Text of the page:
Interestingly, an erudite radio presenter from a top radio station in UK (Rainbow Radio) posed the preceding question on his informative programme. The topic under discussion was: ‘Cultural beliefs and the exclusions of the disabled in Ghana’. During the discussions, I became aware that disabled people in Ghana are not allowed in some palaces. In a nutshell, they are not allowed to come into close contact with ‘the royals’. When I heard such idiosyncratic stance, I rang spontaneously to offer my contribution to the programme. It was here that the debonair presenter quizzed whether the society views someone with impairment as shiftless and unproductive.

My response to his question was: ‘Of course, the vast majority of Ghanaians view disabled people as useless and unproductive in the society. But, the fact of the matter is disabled person has substantial long-term adverse effect on his/her ability to carry out day-to-day normal living activities, thus requires help and support in order to make any meaningful contribution within the society. Needless to say, a Ghanaian disabled does not receive any meaningful help and support within the society that will ensure his/her full participation in the nation building. Indubitably, the estimated 10% of Ghana population (disabled population) face total alienation.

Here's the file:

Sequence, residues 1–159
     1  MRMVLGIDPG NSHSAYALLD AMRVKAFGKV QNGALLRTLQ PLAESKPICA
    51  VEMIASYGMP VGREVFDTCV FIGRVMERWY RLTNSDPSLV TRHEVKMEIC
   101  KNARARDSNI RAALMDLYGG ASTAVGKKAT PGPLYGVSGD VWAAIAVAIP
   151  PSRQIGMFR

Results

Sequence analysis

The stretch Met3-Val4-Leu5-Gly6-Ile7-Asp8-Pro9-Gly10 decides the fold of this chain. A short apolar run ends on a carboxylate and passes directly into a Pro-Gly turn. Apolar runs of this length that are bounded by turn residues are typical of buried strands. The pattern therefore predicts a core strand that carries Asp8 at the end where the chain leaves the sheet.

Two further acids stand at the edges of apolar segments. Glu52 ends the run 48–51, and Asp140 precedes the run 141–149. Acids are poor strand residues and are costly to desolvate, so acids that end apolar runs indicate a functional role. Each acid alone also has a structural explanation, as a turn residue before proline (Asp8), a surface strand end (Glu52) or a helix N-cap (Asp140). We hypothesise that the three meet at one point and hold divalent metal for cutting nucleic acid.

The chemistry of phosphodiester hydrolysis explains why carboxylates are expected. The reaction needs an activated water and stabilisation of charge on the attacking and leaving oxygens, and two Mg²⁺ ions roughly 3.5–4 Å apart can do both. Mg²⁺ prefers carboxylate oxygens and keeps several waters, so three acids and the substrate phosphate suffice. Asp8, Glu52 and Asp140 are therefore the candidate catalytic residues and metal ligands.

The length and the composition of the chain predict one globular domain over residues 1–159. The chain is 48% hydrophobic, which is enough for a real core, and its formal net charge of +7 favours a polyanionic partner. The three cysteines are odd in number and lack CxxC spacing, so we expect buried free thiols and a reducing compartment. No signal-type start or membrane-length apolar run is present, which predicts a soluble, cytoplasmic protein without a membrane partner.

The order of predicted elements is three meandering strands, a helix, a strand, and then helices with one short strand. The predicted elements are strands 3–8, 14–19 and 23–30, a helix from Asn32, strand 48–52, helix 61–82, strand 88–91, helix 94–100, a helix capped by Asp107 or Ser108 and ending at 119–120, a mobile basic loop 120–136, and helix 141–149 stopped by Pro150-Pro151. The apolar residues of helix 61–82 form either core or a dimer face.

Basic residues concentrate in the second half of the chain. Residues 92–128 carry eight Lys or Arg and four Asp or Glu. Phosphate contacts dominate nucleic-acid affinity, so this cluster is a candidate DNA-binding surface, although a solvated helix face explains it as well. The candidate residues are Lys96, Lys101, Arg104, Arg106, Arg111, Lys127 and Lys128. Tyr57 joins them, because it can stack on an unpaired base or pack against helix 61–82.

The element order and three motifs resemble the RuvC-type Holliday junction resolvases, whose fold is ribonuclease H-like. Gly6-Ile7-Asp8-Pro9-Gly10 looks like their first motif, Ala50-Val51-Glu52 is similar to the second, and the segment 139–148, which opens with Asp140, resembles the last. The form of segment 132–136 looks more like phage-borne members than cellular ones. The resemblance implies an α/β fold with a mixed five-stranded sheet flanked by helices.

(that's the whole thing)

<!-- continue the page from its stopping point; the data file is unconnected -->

“No country can afford to turn its back on 10% of its population.” –UNESCO/UNICEF, 1997. But, disappointingly, disabled people in Ghana have been facing exclusion from the nation building for far too long. Notwithstanding the fact that the Ghana constitution states: “The recognition that the most secure democracy is the one that assures the basic necessities of life for its people as a fundamental duty”. The constitution again states: “Steps will be taken to ensure the protection and promotion of all other basic human rights and freedoms, including the rights of the disabled, the aged, children and other vulnerable groups in development processes”. Nevertheless this has not always been the case in Ghana. Put succinctly, there are no meaningful welfare programmes for disabled people in Ghana.